Gregory J. Nickels (former Mayor)
5/21/2004 2:24:00 PM
Mayor Nickels Announces Initiative
to Reduce Air Pollution
SEATTLE – Mayor Greg Nickels today announced an expansion of the City of Seattle’s program to reduce air-polluting greenhouse gas emissions that contribute to global warming. The city is increasing its efforts through a partnership with the Washington State Ferry system.
"Clean air is everybody’s business," said Nickels. "This latest effort takes on one of the toughest challenges – diesel emissions from marine vessels - everything from cargo ships to ferries to cruise ships."
Nickels said Seattle City Light will support a one-year pilot program to use biodiesel – a mix of vegetable oil and diesel fuel – in 20% of the fuel used on the Vashon, Southworth, Fauntleroy ferry runs. Biodiesel substantially reduces carbon dioxide emissions.
"We hope demand will grow enough so that companies in the biodiesel business will locate a production plant in Seattle, bringing down the cost and increasing the number of people who will use it," said Nickels.
Biodiesel costs are higher than low sulfur diesel fuel by about 25 cents per gallon. City Light’s greenhouse gas mitigation program will fund the difference.
Responding to climate change has been a City of Seattle priority for more than a dozen years.
Seattle City Light is the first utility in the country to commit to meet all electrical-load growth with conservation and renewable energy and become greenhouse-gas neutral by 2005. That is the equivalent of removing 22,548 cars from the road for a year.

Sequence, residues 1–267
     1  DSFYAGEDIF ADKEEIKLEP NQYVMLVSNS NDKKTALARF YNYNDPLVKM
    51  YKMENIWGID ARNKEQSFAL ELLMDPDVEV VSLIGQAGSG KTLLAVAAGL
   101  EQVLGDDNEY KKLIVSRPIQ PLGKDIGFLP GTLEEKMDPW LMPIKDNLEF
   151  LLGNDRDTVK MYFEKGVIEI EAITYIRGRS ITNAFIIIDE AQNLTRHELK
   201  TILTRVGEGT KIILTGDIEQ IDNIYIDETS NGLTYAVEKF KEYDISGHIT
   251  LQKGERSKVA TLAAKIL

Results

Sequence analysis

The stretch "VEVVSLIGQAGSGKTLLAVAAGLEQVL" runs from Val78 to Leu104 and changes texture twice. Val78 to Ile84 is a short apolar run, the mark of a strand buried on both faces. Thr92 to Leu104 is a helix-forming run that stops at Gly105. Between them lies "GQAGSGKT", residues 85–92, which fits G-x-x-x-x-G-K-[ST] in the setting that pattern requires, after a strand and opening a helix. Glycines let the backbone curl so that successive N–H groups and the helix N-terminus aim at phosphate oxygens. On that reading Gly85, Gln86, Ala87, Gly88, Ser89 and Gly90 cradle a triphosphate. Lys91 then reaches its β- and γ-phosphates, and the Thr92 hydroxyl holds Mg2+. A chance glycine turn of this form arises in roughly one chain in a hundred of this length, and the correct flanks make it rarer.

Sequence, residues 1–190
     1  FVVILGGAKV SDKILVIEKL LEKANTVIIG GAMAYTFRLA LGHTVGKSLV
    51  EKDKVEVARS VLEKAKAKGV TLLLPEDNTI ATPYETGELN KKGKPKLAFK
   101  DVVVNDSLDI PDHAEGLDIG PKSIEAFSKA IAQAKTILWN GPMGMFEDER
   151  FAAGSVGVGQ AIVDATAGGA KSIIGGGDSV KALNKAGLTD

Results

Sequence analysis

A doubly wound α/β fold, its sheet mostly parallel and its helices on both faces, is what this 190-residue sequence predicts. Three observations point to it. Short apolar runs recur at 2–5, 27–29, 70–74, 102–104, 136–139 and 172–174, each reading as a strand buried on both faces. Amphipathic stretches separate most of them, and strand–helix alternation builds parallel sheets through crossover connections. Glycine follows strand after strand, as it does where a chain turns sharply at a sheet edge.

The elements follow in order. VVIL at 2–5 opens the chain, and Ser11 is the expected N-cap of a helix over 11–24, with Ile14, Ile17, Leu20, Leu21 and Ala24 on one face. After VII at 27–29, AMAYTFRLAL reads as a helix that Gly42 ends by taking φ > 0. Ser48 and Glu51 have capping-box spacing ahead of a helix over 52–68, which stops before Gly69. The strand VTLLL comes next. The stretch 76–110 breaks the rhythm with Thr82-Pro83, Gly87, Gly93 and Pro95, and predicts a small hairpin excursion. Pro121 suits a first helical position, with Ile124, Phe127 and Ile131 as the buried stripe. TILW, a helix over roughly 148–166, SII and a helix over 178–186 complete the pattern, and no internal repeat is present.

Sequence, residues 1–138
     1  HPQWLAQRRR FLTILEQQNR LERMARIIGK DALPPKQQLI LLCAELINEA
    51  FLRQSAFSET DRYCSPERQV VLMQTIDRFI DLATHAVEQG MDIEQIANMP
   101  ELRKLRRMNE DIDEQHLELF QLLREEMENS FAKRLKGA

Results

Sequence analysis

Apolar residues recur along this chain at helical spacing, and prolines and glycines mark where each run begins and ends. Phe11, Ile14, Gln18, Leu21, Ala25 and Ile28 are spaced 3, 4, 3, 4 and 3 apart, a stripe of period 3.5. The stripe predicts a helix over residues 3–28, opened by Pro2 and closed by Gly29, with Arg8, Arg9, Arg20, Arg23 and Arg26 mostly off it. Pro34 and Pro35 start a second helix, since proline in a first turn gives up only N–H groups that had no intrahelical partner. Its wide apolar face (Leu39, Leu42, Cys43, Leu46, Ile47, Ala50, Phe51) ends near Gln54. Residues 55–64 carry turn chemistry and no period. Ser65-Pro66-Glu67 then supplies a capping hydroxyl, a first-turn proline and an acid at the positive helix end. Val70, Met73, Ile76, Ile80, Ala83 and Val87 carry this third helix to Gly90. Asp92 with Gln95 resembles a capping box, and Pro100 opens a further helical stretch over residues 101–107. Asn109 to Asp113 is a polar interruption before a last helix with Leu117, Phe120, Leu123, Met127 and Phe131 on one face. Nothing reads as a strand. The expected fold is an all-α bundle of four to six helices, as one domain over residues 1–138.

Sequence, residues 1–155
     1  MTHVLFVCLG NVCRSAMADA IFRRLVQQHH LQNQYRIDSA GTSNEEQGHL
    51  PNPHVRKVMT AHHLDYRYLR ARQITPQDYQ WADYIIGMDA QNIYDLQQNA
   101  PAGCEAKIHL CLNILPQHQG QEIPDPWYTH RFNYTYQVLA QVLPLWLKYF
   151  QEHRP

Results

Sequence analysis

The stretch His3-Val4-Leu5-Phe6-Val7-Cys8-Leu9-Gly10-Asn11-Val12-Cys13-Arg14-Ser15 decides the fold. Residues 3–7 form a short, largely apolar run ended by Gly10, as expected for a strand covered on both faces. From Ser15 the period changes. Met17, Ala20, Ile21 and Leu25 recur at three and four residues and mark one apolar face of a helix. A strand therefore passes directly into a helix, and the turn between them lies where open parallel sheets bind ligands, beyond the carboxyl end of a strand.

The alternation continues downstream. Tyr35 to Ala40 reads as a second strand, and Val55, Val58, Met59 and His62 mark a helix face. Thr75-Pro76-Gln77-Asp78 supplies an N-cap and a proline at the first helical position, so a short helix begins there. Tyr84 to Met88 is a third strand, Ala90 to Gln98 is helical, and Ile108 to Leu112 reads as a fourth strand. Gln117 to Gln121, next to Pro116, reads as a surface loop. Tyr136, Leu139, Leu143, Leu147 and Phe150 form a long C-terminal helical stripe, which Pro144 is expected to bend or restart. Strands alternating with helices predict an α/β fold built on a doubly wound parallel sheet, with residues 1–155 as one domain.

Seattle has already made significant progress. City government has reduced its greenhouse gas emissions by 48 percent in the decade from 1990 to the year 2000. City Light’s conservation programs and the use of alternative fuels in the City of Seattle’s vehicle fleet are big contributors to those reductions. More recently, City Light’s goal to be greenhouse gas neutral by 2005 will offset 200,000 metric tons of carbon dioxide, the equivalent of removing 22,548 cars from the road for a year.
"We have a big stake in climate change," said Jorge Carrasco, superintendent of Seattle City Light. "Our water supplies and hydroelectric systems are particularly vulnerable. Potential impacts include less snow pack, longer, drier summers and drought – all of which reduce power production and hurt salmon."
For more information about protecting the environment, visit the mayor’s web site at www.seattle.gov/mayor/issues/eaa.htm. Get the mayor's inside view on initiatives to promote transportation, public safety, economic opportunity and healthy communities by signing up for The Nickels Newsletter at www.cityofseattle.net/mayor/newsletter_signup.htm.
- 30 –Mayor’s Office